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School of Nursing in East Baltimore

While I agree with the ideas of Earl Fox (director, Urban Health Institute) on how to relate to people in poverty (Letters, May), I was greatly disappointed that he did not mention the School of Nursing when he referred to the "other organized efforts at Hopkins" now working to improve the health and well-being of the residents of East Baltimore.

For years now, the School of Nursing has been operating a comprehensive Community Outreach Program that can serve as an academic model for institutions of higher learning. In fact, the School of Nursing has been working to improve the health of East Baltimore residents since the turn of the century. Our students are eager to work in the community, and we provide them with plenty of opportunities to do so. That is why it was disappointing to read that "other organized efforts at Hopkins include interaction groups within medicine and public health that offer opportunities for students to get involved." I wish he had included nursing.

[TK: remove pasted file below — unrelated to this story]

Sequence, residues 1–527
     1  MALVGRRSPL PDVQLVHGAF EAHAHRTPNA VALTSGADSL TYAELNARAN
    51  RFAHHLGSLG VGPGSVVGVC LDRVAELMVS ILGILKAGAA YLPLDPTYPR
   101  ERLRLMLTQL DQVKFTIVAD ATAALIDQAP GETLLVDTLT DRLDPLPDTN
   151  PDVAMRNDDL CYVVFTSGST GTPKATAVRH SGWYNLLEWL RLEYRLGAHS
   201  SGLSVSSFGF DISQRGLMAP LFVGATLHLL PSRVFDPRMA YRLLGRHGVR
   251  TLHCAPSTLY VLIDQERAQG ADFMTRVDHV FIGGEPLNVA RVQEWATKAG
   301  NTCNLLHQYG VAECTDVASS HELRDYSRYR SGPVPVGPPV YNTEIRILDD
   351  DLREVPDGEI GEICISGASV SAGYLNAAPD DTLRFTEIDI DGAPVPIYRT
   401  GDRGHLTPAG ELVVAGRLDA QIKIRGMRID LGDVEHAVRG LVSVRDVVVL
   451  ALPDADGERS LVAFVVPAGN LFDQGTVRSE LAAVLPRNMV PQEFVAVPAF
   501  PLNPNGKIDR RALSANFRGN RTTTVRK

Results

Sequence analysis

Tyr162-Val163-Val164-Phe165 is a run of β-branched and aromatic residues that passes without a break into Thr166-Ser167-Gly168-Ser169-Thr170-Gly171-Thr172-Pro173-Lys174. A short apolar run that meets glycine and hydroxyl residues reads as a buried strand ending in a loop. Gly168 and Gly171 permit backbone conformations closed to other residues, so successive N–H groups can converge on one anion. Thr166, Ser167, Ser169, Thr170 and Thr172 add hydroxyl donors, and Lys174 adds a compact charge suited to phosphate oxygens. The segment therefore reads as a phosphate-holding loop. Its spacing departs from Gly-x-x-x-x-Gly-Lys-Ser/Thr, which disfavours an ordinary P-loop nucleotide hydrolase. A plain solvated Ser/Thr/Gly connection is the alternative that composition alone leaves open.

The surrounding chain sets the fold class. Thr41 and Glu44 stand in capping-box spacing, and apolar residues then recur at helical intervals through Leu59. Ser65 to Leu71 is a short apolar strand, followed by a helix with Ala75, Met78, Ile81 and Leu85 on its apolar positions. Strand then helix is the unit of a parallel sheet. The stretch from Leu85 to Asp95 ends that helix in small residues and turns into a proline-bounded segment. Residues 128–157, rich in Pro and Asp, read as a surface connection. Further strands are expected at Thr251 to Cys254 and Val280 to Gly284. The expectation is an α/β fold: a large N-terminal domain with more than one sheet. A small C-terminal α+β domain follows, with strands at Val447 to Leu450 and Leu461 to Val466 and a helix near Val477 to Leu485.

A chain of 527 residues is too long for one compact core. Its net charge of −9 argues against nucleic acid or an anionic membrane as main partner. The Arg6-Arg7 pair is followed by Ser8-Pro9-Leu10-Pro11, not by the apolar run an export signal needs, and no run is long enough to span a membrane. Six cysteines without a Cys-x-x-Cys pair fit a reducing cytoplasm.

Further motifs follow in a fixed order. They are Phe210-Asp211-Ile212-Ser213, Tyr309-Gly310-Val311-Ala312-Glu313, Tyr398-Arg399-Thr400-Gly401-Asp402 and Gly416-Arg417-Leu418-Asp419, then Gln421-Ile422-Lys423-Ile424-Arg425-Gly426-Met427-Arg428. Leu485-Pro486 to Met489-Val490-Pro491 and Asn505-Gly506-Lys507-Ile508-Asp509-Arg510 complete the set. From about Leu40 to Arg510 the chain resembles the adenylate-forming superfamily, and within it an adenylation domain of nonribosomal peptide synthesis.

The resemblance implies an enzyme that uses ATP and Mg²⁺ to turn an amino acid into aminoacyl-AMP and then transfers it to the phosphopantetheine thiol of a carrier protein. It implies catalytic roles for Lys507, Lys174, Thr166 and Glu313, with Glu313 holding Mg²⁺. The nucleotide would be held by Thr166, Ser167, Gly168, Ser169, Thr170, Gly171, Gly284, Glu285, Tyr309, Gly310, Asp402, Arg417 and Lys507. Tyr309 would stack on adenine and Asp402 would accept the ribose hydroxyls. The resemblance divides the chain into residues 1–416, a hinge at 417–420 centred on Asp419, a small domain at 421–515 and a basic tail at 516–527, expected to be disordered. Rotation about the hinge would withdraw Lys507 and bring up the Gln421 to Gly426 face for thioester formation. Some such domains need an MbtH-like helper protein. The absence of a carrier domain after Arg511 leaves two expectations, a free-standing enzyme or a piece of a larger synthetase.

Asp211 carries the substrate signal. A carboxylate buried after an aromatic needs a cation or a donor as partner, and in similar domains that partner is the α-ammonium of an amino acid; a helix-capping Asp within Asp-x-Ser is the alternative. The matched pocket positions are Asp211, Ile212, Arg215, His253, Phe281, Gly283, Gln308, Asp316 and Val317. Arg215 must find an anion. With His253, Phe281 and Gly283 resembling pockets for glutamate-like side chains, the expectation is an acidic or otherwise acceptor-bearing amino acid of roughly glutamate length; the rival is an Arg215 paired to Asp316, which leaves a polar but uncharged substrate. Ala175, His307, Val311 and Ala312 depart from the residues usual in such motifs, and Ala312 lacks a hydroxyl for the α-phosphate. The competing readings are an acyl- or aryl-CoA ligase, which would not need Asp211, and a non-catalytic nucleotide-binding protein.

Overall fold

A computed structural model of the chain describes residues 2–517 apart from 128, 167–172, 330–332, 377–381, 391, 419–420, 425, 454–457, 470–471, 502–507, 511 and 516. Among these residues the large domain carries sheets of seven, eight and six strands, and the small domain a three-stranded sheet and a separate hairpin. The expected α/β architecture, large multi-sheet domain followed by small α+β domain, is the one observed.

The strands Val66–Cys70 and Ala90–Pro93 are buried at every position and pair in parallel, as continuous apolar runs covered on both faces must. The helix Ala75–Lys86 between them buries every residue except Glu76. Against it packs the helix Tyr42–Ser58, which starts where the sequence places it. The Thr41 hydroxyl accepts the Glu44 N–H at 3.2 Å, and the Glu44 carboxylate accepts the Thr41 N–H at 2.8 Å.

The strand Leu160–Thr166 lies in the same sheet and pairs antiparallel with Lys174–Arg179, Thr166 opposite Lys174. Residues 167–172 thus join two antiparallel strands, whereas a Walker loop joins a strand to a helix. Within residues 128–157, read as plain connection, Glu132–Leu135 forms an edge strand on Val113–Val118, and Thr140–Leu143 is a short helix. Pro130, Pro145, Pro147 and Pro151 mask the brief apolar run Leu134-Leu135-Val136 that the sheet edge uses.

Kate Pipkin
Director of Communications
Johns Hopkins University School of Nursing


I was remiss in not mentioning the longstanding activities by the School of Nursing that through local sites such as the Wald clinics provide an array of very important services to the East Baltimore community.

Also, the first-year class of medical students has been working with the Urban Health Institute this year to provide testing and counseling for HIV to East Baltimore residents through the Men's Center. Approximately 25 medical students committed the time to become certified by the state to do testing and counseling and have volunteered time each evening Monday through Friday in this community setting.

Both groups are to be commended for their interest and commitment to the needs literally on our doorstep.

Claude Earl Fox, M.D.
Director, Johns Hopkins Urban Health Institute



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